Speaking from the town of Sarmad, Obeid said entire families were buried under the rubble of collapsed and destroyed buildings.

“The hardest moment for me personally was finding a husband and wife, both dead under the rubble with their arms covering their little son – who was alive,” she said.

Obeid said the 72-hour window after the earthquake was crucial, and now the chances of finding more people alive are very slim.

“We could have saved a lot more people if we had the technology and heavy machinery needed to lift the debris,” she said. “All the aid and necessary food items to the overcrowded aid centers are donated by volunteers, civil organizations and charities on the ground.”

‘Biased humanitarian action’

UN Secretary-General Antonio Guterres has called on the Security Council – which will meet next week to discuss Syria – to approve the opening of new cross-border aid points between Turkey and Syria.

The Syrian government announced on Friday that it had approved the delivery of humanitarian aid to earthquake-hit areas outside its control. But a UN spokesman said on Sunday that earthquake aid from government-held parts of Syria to the northwestern territory had been halted because of “authorization issues” with the hardline Hay’et Tahrir al-Sham (HTS) armed group.

A UN spokesman in Damascus declined to comment, saying the UN “continues to work with the relevant parties to gain access to the area”.

An HTS official in the northwestern Idlib region told the Reuters news agency that they would not allow any shipments from government-held parts of Syria, and aid would come from Turkey to the north.

“Turkey has opened all avenues and we will not allow the regime to take advantage of the situation to show that it is helping,” said the HTS man.

Al-Saleh of the White Helmets condemned what he called a “policy of aid” at the expense of the most vulnerable and needy.

“Humanitarian aid does not enter this region unless there is a vote in the UN Security Council, negotiations, blackmail – all the while endangering the lives of Syrians,” he said.

A lack of food and clean drinking water, accompanied by a lack of shelter and bitter sub-zero temperatures, is pushing the largely displaced population who fled the war to the brink.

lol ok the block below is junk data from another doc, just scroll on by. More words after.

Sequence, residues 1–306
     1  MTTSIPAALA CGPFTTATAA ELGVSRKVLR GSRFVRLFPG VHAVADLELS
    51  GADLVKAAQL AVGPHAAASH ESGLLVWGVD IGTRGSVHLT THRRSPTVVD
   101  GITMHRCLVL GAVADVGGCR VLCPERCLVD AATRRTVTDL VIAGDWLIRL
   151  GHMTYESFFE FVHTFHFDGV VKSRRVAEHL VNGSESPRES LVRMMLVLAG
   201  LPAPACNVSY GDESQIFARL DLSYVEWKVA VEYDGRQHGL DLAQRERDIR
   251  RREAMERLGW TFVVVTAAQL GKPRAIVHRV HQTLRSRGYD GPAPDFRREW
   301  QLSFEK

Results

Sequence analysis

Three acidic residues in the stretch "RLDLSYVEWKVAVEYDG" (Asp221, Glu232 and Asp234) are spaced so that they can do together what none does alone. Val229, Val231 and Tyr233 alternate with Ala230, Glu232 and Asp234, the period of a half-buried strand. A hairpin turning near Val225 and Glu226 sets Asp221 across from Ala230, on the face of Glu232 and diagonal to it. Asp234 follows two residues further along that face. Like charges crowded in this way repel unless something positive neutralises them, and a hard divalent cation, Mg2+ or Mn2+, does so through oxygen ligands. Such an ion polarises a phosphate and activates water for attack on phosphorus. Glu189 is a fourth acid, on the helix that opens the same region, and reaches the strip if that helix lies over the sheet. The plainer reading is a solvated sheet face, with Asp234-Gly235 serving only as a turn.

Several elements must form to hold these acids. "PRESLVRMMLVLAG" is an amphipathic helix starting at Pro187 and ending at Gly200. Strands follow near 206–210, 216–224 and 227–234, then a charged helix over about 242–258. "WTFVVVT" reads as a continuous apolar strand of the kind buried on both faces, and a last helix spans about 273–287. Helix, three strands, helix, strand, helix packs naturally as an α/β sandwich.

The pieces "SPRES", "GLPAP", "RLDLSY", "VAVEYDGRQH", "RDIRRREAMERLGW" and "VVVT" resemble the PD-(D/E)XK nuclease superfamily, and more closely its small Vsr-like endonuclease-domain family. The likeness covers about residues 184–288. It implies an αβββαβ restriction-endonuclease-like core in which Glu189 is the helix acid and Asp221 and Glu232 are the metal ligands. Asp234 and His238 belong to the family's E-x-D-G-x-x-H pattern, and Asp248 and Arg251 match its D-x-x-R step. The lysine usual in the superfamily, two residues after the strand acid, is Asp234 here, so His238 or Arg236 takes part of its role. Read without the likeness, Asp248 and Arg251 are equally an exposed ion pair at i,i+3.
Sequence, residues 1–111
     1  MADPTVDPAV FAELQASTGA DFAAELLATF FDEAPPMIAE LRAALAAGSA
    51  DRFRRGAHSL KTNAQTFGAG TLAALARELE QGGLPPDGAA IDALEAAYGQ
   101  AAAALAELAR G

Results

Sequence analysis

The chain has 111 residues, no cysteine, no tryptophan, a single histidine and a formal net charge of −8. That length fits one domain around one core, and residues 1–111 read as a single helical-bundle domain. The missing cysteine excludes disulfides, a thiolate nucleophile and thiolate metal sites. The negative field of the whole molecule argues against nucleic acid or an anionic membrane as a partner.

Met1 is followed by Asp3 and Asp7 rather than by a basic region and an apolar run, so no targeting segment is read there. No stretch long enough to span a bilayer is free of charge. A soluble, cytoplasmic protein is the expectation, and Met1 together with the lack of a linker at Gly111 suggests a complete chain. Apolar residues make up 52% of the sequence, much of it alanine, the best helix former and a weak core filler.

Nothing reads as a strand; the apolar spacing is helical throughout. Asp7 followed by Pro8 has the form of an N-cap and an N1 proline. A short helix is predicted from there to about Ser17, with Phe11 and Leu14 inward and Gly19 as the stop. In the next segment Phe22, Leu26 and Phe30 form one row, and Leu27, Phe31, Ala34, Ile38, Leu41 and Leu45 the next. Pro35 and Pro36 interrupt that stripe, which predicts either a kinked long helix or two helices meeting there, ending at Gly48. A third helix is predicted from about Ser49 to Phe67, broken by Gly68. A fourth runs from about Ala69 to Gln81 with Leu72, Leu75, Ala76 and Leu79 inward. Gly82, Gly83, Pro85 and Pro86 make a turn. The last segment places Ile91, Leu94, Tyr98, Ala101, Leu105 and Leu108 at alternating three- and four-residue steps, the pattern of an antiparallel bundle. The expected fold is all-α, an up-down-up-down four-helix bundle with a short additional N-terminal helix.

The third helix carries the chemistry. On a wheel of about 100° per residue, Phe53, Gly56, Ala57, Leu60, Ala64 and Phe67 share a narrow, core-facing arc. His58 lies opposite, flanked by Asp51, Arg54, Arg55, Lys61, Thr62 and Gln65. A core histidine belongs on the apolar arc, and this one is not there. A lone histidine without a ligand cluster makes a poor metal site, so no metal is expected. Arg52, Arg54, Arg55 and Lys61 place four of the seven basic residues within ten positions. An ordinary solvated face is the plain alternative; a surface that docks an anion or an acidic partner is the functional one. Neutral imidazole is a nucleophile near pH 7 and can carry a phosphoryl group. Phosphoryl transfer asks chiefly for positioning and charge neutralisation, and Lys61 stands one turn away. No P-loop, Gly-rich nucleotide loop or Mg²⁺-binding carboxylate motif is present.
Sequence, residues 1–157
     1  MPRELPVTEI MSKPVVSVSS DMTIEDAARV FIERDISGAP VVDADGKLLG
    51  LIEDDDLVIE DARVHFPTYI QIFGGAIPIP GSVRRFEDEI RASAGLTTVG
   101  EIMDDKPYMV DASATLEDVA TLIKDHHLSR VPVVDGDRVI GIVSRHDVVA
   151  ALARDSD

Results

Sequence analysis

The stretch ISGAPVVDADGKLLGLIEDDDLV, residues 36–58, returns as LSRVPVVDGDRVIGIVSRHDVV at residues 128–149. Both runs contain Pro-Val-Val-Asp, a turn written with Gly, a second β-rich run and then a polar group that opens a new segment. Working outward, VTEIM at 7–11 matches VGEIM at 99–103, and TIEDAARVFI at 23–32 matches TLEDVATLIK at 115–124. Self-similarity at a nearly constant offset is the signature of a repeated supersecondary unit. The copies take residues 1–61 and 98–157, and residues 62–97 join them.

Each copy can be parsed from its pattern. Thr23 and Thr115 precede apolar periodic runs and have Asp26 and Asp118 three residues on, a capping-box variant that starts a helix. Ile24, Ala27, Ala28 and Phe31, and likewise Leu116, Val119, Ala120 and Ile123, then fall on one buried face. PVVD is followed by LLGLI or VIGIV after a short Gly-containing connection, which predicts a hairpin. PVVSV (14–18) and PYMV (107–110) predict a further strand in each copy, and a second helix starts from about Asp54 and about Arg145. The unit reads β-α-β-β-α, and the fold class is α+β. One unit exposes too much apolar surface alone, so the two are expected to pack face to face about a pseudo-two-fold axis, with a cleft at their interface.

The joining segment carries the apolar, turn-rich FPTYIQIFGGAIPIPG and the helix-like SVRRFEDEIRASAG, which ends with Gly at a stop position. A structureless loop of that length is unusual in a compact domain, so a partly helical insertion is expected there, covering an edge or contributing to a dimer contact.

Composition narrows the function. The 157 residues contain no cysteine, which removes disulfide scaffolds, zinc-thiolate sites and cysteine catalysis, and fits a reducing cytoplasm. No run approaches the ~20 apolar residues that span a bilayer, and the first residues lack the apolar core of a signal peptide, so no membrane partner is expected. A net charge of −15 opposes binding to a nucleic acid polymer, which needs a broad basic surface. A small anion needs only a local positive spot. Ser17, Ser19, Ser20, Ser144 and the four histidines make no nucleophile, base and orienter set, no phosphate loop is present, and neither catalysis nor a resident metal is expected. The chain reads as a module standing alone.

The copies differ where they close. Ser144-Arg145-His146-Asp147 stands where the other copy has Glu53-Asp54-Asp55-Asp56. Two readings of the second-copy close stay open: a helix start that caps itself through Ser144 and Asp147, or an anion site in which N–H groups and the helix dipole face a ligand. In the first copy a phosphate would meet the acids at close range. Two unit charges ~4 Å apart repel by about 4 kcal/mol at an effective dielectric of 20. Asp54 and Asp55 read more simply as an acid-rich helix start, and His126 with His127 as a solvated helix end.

Al-Saleh said he expected the UN to be “neutral” in its humanitarian work and not “politically biased”.

“Many people’s lives depended on it and it is the main reason for the huge number of deaths,” he said.

“The victims have been let down by the UN, which has been troubling for days saying that the roads are blocked and the crossings are closed. The UN did not hear the screams of the people trapped under the collapsed buildings, crying for help,” he said, his voice breaking.

“We had hoped that only one UN official would visit the area. But there is clearly a bias towards humanitarian action.”

“Children are crying”

At least 1,300 buildings in the northwestern territory were completely destroyed and 500 others partially destroyed, and some towns and villages now resemble ghost towns, al-Saleh said.

“The whole situation is catastrophic,” he said, referring to people sleeping outside on the roads or in their cars because they don’t have shelter.

“The children are crying because of the icy winter. It is those who have nothing who give us the little they have, as they donated their fuel to us, even if they themselves lose the little warmth they had.”

On the Turkish side of Bab al-Hawa, in Cilvegozu, Al Jazeera reporter Stefanie Dekker said that instead of aid trucks entering Syria, only the bodies of Syrians who died in the earthquake in Turkey are being transported.

“What we saw were black body bags being handed over on the back of a truck and then being driven to Syria to be buried at home,” she said.

“We spoke to officials on the other side of the border, the Bab al-Hawa crossing, and they said that so far 950 bodies of Syrians killed in the earthquake have been transported to be buried at home.”

Dekker described “heartbreaking” scenes of relatives opening body bags to see their loved ones’ death certificates.

“Death is everywhere here,” she said.